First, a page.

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Publication numberUS4534832 A
Publication typeGrant
Application numberUS 06/644,711
Publication dateAug 13, 1985
Filing dateAug 27, 1984
Priority dateAug 27, 1984
Fee statusLapsed
Publication number06644711, 644711, US 4534832 A, US 4534832A, US-A-4534832, US4534832 A, US4534832A
InventorsLaurea Doiron, Jr.
Original AssigneeEmtek, Inc.
Export CitationBiBTeX, EndNote, RefMan
External Links: USPTO, USPTO Assignment, Espacenet
Arrangement and method for current density control in electroplating
US 4534832 A
Abstract
A circuit board having a foil bonded to it and connected to serve as a cathode, faces an anode with an interposed shield of sections each of a plurality of horizontally disposed slats. The slats are uniformly spaced center to center, but upper sections of slats have a larger width in the vertical direction than slats of successively lower sections, so that the anode is more exposed in line-of-sight to the upper portions of the cathode foil than the lower sections. Therefore, in plating there is some compensation for the variation in voltage which occurs due to current flow from the upper connection of the cathode foil to the negative terminal. A sparger tube vertically oriented supports the slats. The tube is apertured between each slat and the apertures face the cathode. Electrolyte forced through the sparger tube and then through its openings serves to provide solution agitation for the cathode. Interposing the shield between the anode and the foil cathode so that relatively smaller spaces are provided to expose direct paths from anode to the parts of the cathode nearer the negative terminal and relatively larger in the direct paths from the anode to the parts more remote from the negative terminal, tend to compensate for voltage drop across the cathode due to current flow.
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Claims(11)
I claim:
1. In an arrangement for plating a circuit board or the like, the board having a surface to be plated and on the surface a vertically disposed conductive foil having a connection to serve as a cathode, the foil being masked by a non-conductive layer leaving the foil exposed in a pattern to be plated:
an anode; and
a shield of non-conductive material between the board and the anode and having sections with spacing between the non-conductive material of a section varied vertically to compensate for the voltage drop from one portion of the foil to another when in use as a cathode.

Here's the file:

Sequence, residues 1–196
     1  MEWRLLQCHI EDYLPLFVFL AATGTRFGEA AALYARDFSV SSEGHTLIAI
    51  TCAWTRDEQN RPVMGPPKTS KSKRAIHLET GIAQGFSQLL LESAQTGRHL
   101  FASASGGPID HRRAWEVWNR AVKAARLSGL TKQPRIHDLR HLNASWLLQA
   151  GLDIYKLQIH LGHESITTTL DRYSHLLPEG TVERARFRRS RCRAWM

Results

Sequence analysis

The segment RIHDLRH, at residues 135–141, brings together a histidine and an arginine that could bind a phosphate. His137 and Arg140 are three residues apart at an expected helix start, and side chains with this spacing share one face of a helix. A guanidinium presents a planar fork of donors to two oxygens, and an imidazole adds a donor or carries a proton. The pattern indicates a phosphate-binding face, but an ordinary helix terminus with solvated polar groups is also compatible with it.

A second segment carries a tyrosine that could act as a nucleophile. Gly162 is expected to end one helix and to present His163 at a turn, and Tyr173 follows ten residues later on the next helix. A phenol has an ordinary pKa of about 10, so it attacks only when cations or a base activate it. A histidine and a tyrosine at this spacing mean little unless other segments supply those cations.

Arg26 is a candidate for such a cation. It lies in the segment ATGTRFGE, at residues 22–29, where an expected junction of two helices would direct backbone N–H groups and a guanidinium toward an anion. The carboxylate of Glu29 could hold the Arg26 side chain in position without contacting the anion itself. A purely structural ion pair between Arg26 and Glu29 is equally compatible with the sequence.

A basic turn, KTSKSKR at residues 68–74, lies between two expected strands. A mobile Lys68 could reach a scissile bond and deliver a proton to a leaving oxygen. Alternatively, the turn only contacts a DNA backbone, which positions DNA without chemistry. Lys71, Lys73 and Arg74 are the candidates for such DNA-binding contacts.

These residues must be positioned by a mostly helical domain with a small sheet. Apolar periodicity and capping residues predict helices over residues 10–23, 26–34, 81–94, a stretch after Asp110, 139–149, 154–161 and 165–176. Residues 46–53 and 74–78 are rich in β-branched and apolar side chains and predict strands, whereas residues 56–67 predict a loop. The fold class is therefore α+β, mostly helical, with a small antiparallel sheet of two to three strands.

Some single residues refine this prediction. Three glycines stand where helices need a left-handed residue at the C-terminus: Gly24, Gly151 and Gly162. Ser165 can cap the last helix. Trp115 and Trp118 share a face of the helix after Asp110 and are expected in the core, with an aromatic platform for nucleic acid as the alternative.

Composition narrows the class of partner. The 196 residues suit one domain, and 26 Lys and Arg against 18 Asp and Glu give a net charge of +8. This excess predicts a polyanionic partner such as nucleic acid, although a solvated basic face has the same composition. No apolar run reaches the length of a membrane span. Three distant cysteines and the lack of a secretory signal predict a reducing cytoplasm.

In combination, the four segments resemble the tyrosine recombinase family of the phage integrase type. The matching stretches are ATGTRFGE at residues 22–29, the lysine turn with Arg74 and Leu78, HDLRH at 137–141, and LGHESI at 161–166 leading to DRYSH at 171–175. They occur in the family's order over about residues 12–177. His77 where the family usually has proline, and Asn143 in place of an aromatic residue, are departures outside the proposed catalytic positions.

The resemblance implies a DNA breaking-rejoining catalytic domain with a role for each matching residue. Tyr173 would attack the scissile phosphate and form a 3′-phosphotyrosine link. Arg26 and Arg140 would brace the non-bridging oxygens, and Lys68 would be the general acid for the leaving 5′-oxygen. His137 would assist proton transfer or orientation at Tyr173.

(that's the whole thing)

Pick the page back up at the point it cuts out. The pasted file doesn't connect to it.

2. An arrangement as claimed in claim 1, said connection being at the top; said shield sections each comprising one or more horizontal non-conductive slats, said spacing being the spacing between slats, which increases with increasing vertical distance from the connection.
3. An arrangement as claimed in claim 2, further comprising a sparger supply tube vertically oriented on which the slats are supported between tube and foil, the sparger tube having apertures between adjacent slats, the apertures facing the foil cathode.
4. A method of plating a circuit board or the like, the board having a surface to be plated and on the surface a conductive foil masked by a non-conductive layer leaving the foil exposed in a pattern to be plated, the steps comprising:
connecting the foil to the negative terminal of a d.c. source of voltage to serve as a cathode;
connecting an anode to the positive terminal of the source;
interposing between the anode and the foil cathode a non-conductive shield having spaces relatively smaller in the direct paths from anode to the parts of the cathode nearer the negative terminal connection and relatively larger in the direct paths from the anode to the parts of the cathode more remote from the negative terminal connection to compensate for the voltage drop along the foil during plating; and
immersing the anode, cathode, and shield in electrolyte.
5. A method as claimed in claim 4, the non-conductive shield comprising slats affording passageways:
restricting direct line of sight between anode and cathode through the passageways.
6. A method as claimed in claim 5, further comprising guiding electrolyte between the passageways and directed to the cathode to provide solution agitation.
7. A method as claimed in claim 6, comprising the further step of suspending the slats from a sparger tube which supplies the electrolyte guided between the passageways.
8. Apparatus for controlling current density distribution in the plating of a printed circuit board said apparatus comprising:
a container of electrolyte;
a rectifier, mounted above said container and having said board depending down from the negative terminal thereof into said container to form a cathode in said electrolyte;
an anode depending down from a positive terminal of said rectifier into said container and electrolyte at a spaced distance from said anode;
a sparger tube extending vertically within said container in the space between said anode and said cathode for solution agitation of said electrolyte; and